Mentha piperita, Mentha spicata and Thymus vulgaris are aromatic plants of Lamiaceae family. Comparing the IC50 of these three species suggested a somewhat similar profile of antioxidant activity and also total phenolics content for the different extracts. In all the three species, the sun and shade-dried extracts showed significant lower IC50 thus higher antioxidant activity (P<0.05). Drying increased the antioxidant activity and total phenolics content of the three Lamiaceae species suggesting the possibility of new compounds formation with antioxidant activity. However, further investigations are necessary. Oven-drying and secondly microwave-drying seem to palliate the antioxidant activity during the drying process meanwhile decreasing the total phenolics content because of decomposition of compounds due to heating (figures 1 and 2).
In the present study total phenolics content seem to correlate with the antioxidant capacity of the extracts. Since correlation coefficients are greater than 0.8 then a considerable correlation could be proposed for all species (table 2).
TABLE 2. CORRELATION COEFFICIENTS BETWEEN ANTIOXIDANT ACTIVITY (IC50) AND TOTAL PHENOLICS CONTENT OF THE PLANTS.
|Correlation coefficient (r)
Coming to a conclusion, due to differences in plant constituents, a same method of drying should not be carried out in all plant species and according to our results for some species the dried plants might possess more antioxidant properties than the fresh ones.
The effect of drying methods on the phytochemical content of plant materials has been studied during previous investigations. The impact of drying, packaging and storage conditions on the retention of β-carotene and ascorbic acid, of savoy beet and amaranth leaves has been determined. Higher losses of β-carotene and ascorbic acid were observed in solar-drying as compared to cabinet-drying hence in order to protect these compounds it would be better to dry them away from sun light 9.
Evaluating the effect of various methods of drying (sun-drying, air-drying and oven-drying) on the content and chemical quality of the essential oil of Mentha longifolia has also been studied and it was reported that the essential oil underwent significant chemical transformation in its monoterpenoids when the leaves were dried by the three different methods. Due to the significant reduction of the potentially harmful pulegone and menthone by oven-drying, it was suggested that the herb should be oven-dried or cooked before consumption in order to reduce toxicity 10.
A study about the influence of drying methods on essential oil content of Rosmarinus officinalis revealed that the highest essential oil percentage was obtained from the shade-dried leaves while the lowest percentage belonged to the stems which were oven-dried 11. According to Mohd Zainol et al., air-oven drying seemed to degrade the flavonoids content of Centella asiatica more than vacuum-oven drying and freeze-drying12. Chan et al. evaluated the effects of different drying methods (microwave-, oven-, sun-, air- and freeze-drying) on the antioxidant capacity of leaves of Alpinia zerumbet, Etlingera elatior, Curcuma longa and Kaempferia galanga.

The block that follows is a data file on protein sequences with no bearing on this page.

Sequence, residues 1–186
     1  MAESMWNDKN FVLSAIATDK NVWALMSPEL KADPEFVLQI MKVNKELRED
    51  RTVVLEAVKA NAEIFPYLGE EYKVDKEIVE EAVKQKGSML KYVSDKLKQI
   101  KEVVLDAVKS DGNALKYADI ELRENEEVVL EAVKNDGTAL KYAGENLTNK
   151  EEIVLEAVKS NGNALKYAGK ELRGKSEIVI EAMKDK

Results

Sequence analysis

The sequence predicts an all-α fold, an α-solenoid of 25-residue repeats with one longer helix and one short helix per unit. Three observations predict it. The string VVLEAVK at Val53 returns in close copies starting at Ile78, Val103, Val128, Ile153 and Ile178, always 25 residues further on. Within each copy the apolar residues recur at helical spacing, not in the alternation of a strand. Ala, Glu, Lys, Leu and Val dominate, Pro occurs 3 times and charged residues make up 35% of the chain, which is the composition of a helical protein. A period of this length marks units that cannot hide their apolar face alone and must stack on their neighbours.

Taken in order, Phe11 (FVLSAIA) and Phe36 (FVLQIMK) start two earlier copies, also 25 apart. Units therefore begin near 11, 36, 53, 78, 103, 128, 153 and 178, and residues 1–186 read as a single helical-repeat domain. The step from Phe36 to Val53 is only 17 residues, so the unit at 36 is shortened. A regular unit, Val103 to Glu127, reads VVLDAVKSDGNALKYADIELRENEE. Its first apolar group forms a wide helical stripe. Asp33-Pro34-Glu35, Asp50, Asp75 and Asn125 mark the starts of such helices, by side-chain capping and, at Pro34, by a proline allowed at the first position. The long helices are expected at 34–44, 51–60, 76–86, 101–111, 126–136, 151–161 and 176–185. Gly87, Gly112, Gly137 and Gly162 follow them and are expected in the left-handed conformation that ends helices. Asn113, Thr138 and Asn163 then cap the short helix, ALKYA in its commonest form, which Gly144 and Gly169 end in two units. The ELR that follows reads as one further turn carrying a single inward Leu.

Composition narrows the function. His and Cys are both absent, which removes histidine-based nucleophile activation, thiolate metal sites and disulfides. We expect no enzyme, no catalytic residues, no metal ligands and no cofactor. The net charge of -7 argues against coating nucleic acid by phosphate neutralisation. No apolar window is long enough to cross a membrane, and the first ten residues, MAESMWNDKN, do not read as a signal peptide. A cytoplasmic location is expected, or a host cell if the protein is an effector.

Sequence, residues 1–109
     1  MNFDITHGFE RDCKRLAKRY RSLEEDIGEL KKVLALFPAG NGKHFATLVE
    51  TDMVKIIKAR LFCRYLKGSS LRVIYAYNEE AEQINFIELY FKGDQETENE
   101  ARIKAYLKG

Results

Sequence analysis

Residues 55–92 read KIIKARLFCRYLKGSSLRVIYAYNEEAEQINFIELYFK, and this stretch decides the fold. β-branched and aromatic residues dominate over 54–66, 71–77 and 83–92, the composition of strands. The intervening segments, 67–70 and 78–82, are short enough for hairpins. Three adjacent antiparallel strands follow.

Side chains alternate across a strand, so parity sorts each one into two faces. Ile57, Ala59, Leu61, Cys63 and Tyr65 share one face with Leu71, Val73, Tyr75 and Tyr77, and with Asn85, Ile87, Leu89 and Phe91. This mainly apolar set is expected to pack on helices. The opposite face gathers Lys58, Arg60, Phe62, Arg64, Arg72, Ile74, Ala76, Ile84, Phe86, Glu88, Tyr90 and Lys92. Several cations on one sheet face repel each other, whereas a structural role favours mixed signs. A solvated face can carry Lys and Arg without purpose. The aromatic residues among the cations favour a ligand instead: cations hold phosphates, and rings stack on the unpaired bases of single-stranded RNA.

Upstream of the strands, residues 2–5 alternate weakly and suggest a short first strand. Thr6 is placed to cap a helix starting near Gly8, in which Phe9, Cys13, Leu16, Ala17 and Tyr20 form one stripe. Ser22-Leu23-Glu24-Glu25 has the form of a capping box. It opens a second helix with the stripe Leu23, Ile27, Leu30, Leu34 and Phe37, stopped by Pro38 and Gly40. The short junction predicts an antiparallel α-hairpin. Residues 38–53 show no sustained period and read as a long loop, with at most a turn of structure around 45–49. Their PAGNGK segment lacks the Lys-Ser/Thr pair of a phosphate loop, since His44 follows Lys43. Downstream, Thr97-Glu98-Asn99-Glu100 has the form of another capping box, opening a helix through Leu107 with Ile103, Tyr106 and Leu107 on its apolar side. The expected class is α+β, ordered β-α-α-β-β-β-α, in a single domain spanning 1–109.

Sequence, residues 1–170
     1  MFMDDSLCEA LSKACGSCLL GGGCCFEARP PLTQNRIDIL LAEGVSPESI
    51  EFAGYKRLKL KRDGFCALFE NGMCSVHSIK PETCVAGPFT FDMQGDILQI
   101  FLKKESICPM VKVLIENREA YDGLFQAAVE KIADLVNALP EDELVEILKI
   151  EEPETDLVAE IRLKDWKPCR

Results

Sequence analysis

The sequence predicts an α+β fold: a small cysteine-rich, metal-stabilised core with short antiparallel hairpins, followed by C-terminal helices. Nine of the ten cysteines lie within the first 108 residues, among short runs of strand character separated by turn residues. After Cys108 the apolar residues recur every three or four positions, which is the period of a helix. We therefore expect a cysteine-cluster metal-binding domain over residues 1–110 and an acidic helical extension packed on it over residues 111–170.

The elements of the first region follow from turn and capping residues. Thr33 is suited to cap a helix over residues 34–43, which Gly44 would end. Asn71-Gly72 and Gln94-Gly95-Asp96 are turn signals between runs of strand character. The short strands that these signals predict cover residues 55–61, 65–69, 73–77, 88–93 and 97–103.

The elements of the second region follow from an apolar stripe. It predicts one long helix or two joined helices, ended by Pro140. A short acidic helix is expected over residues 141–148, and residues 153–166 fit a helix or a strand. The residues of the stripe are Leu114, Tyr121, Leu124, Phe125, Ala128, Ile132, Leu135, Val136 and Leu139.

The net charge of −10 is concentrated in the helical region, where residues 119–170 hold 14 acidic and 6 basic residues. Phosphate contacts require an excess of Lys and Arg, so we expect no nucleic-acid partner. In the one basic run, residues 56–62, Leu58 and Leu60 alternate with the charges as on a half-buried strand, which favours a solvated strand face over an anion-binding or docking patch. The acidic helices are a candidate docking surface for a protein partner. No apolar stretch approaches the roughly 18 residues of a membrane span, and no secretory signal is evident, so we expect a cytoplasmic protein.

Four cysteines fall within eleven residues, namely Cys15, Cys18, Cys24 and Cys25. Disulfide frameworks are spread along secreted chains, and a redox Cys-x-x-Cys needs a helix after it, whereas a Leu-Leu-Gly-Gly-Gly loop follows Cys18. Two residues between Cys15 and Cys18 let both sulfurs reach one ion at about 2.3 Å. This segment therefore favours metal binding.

The first three methods decreased the total phenolics content and antioxidant capacity while freeze-drying resulted in significant gains in total phenolics content of A. zerumbet and E. elatior leaves. After one week storage, antioxidant property of freeze-dried E. elatior leaves remained significantly higher than those of fresh control leaves13. Comparing the phenolic content of sun-dried Eugenia uniflora leaves with the air-dried ones has demonstrated that significantly lower content of phenolic compounds exist in the sun-dried leaves 14.
Investigating about the influence of drying methods on the phenolic content of Azadirachta indica has been carried out by Sejali and Anuar to show that the shade-dried leaves possessed higher phenolics content compared to the oven-dried leaves 15. The effect of different drying methods on flavonoids, phenolics, oleanolic acid, ursolic acid, amygdalin, chlorophylls and carotenoids of Eriobotrya japonica Lindl. flowers were investigated. The results demonstrated that microwave-drying was more efficient and low-cost method and superior to oven drying 16.
Regarding the results of our study and other investigations reveals that each plant needs a special drying method to show the best antioxidant activity and highest total phenolics content. It seems that because of similarities in the secondary metabolites of a family, a particular drying method might be used in a plant family but it needs more investigations.
ACKNOWLEDGEMENTS: The results were obtained from Pharm. D. student thesis.
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How to cite this article:
Hajimehdipoor H, Adib N, Khanavi M, Mobli M, Amin GR and Moghadam MH: Comparative study on the effect of different methods of drying on Phenolics Content and Antioxidant activity of some Edible Plants. Int J Pharm Sci Res 2012; Vol. 3(10): 3712-3716.
H. Hajimehdipoor , N. Adib , M. Khanavi , M. Mobli , G.R. Amin and M. Hamzeloo Moghadam*
Traditional Medicine and Materia Medica Research Center, Shahid Beheshti University of Medical Sciences5, No. 8 Shams Alley, Vali-e-Asr Street, 1516745811, Tehran, Iran
26 May, 2012
23 July, 2012
18 September, 2012
01 October, 2012